breastfeeding tips

When first getting comfortable breastfeeding and while my baby was needing to be in the perfect position to feed, I found having a nursing stool helped me to relax so much better.  I have the Medela Stool and would definitely recommend it to anyone breastfeeding; it helps you to position yourself comfortably.

Week 3 was so frustrating for me and Jackson…I had no clue why my baby would not eat.  Turns out my frustration only triggered his frustration which triggered more frustration on my part… vicious cycle!  My mom (who is basically a pro having had breastfed 6 children) came to the rescue and told me to stay calm and we would figure out what is going on.  I was had an oversupply of milk and was becoming engorged so it was hard for J to latch.  I just needed to pump some off to soften the breast for him.  Doh.  So easy once I calmed down and we focused on his reactions.

Speaking of pumping…if you are not going to be pumping to store milk for your baby, then I recommend at least having a quality hand pump like the Medela Harmony Manual Pump.  If you are going to be working and storing milk for your baby, then definitely a high quality electric double breast pump is a MUST, in my opinion.  I have the Medela Pump in Style Advanced.  LOVE IT.  I hear the hands free Medela Freestyle is great too and wonderful if you are able to pump while working, for example if you are typing something in an office, you can still be pumping at the same time.  You definitely want to have extra parts, nipple shields pumping bottles, etc..

I love Snappies containers to pump into.  They fit my breast pump, do not leak, are freezable, warm very quickly in a hot glass of water, and I can put a nipple (they say they are disposable, but I use them daily and wash them in a dishwasher after every use and I have not had a problem with them) directly on the container so that feeding is quick and easy for my babysitter.

A support person who is 100% on board with your desire to breastfeed is the number one thing that you have to have.  This is the single biggest tip I can give you!  They should be available to encourage, to hold baby if you need a breather, to help you with meals for yourself, laundry, housework, whatever!  Learn how to delegate things to them, sometimes they do not know what “help” you need.  Most people think of help as holding the baby, but that does not run a house!  Ha.

Any other tips are welcomed and will be added as I receive them.


4 thoughts on “breastfeeding tips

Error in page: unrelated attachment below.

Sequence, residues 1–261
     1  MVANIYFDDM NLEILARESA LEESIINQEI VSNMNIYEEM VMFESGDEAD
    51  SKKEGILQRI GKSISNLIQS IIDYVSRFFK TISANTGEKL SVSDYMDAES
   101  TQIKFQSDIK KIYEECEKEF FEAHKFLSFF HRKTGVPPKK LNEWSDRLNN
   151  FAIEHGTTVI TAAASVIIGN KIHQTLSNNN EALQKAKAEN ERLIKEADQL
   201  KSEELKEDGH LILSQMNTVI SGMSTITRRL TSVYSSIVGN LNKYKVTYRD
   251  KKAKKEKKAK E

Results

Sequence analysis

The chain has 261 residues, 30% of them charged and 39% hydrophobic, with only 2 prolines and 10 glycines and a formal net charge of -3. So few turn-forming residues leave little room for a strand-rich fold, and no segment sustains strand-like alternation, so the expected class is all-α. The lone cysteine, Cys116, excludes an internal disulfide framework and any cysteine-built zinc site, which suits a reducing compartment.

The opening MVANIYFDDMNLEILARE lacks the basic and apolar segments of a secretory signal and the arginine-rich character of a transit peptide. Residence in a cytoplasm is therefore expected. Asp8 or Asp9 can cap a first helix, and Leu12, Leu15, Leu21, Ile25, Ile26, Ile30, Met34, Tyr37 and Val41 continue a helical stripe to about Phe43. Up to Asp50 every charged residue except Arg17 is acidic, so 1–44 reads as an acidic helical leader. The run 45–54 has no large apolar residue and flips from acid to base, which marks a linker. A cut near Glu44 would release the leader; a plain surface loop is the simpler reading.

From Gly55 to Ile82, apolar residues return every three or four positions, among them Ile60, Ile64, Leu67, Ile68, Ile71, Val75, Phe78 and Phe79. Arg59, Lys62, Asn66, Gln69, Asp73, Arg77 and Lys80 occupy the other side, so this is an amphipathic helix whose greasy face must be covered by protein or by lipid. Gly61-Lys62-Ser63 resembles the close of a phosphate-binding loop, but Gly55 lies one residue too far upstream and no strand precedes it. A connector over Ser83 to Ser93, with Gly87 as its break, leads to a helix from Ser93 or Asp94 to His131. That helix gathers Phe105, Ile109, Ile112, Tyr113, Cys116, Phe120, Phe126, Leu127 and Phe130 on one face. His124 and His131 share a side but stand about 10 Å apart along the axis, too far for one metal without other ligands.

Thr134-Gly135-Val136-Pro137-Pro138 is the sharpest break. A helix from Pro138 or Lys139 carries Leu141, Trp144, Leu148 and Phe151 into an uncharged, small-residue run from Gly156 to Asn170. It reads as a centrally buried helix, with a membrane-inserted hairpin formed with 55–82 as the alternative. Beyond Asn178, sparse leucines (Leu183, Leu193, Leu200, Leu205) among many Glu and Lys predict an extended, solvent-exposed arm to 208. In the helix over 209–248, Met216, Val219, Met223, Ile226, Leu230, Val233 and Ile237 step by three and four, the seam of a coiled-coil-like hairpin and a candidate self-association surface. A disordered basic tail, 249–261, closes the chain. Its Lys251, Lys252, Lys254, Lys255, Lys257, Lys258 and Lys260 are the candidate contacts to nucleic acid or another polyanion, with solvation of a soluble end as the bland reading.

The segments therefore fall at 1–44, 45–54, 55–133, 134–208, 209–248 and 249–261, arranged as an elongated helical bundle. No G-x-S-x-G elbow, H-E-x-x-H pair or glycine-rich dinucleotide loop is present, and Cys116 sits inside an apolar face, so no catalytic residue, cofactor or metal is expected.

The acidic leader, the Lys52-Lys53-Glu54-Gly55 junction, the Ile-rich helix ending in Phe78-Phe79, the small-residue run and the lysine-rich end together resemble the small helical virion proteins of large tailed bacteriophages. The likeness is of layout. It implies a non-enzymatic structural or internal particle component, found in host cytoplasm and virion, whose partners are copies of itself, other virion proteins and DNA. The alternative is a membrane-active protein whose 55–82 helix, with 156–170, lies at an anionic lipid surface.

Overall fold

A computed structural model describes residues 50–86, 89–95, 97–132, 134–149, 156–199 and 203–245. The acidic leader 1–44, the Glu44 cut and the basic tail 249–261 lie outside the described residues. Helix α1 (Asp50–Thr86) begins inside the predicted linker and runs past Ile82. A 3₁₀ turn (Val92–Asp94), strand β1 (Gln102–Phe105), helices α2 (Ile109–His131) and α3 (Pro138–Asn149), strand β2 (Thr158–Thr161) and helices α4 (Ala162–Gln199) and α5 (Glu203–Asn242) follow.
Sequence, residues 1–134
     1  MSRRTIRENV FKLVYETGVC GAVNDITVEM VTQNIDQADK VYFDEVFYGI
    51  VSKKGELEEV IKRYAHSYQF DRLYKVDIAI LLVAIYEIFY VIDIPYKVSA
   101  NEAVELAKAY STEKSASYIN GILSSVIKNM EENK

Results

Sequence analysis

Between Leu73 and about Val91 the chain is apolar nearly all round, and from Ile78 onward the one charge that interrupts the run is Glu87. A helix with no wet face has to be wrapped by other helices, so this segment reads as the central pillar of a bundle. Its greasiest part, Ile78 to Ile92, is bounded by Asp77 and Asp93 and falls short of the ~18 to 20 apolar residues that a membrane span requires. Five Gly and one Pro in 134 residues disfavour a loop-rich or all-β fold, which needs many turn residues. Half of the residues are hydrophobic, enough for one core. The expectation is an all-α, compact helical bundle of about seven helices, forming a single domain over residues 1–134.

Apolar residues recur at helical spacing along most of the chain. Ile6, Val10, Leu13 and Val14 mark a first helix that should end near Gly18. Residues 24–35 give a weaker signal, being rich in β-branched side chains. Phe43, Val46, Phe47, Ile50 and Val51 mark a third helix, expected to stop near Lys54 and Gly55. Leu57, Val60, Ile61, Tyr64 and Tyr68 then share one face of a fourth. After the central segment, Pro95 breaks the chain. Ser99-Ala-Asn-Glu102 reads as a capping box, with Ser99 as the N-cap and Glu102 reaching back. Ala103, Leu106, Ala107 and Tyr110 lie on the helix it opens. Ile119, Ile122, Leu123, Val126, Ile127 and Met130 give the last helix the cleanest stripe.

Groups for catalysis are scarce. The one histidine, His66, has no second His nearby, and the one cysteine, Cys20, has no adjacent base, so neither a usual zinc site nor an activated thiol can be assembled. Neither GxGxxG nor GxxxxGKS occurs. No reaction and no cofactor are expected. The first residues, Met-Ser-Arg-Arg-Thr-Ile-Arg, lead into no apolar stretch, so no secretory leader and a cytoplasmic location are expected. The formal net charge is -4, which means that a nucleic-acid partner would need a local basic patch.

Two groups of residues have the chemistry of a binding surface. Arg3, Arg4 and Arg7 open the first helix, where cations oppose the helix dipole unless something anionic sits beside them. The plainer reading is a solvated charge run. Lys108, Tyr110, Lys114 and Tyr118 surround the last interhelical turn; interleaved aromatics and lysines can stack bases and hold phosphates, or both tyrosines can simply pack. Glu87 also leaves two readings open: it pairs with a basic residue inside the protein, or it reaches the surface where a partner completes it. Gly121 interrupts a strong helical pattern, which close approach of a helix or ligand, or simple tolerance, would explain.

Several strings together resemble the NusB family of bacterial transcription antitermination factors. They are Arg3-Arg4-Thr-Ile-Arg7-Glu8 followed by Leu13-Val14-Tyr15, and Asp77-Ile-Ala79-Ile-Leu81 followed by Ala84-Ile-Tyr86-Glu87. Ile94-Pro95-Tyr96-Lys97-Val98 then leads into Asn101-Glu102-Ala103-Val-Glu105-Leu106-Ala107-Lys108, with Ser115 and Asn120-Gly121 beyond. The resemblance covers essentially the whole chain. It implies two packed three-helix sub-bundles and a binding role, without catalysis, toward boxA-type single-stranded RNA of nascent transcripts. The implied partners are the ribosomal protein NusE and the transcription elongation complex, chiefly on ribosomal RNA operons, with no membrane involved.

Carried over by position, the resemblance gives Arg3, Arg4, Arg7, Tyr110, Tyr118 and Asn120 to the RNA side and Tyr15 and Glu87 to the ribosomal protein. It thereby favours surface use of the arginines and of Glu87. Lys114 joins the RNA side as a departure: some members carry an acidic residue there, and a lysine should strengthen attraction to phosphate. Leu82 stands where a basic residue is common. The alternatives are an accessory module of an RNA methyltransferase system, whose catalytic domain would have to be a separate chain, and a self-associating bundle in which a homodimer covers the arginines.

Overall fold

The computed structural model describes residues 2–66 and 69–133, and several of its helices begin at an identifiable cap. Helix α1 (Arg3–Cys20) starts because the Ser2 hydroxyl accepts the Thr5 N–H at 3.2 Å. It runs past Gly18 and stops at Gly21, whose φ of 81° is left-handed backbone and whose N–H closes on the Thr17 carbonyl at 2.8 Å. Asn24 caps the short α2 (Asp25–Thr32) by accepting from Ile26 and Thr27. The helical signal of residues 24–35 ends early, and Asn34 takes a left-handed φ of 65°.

1. I nursed twenty nine weeker twins. I too ran into the breast needing to be pumped a little for FG and SE to latch on. I was so engorged because I pumped weeks before they could physically latch on. I had too much milk from supplying the NICU and I needed to let my babies once able, to determine the amount they needed. That and my let down was trained to the sound of a pump, but we quickly retrained it once we were released from the hospital and back home.

    • Callie, I applaud you for your diligence in breastfeeding FG and SE. I tried breastfeeding my twins(full term) and only lasted 3weeks. 😦 I didn’t have any support system at all, and was a first time mom. When I took them to the Dr, he said Ben(second born, and the smaller of the two)was not gaining at the rate “he” wanted. Because I didn’t know any better, he advised me to supplement, and he also told me that b/c I was small that I probaby wouldn’t be able to feed both of my twins….wow, unfortunately, that was the downward spiral for me breastfeeding them. He was eventually on the bottle full time and I continued to breastfeed Kristina… 😦 I believe that if I had someone around me that could have helped me or supported me, I could have done it. Lack of information, and support is HUGE! When you start a new job you usually have somebody to train you, or show you the ropes……why don’t we automatically do the same for this job of feeding our babes!!! 🙂

    • Thanks Kim for your input and tips! I do believe the #1 reason that mothers quit breastfeeding is because they are not educated on issues that can arise and someone tells them that their baby is not gaining “enough” weight. I believe education and support can really take a mom from breastfeeding with struggles to breastfeeding pro.

  2. I think one of the important things that you have said is that you had somebody to help you when you had problems…. you are going to have issues….engorgement, or lack of supply or not latching on correctly, nipple soreness, etc… is vital to have somebody that you feel comfortable with that can help you assess what the problem is and then help you solve it. About the 3rd week is when alot of moms have trouble, and want to give up. They start supplementing and then before you know it they are completely on formula. 😦 Breastfeeding isn’t easy, there are “humps” you have to get over but when you do it will be the most rewarding thing you can do for your infant. So my suggestion is before you have your baby find somebody that is knowledgeable and preferably someone who has breastfed successfully. They will encourage you and support you when you are tired, or when you are concerned with how much they are getting, or when you are having problems or just need assurance. Happy breastfeeding!

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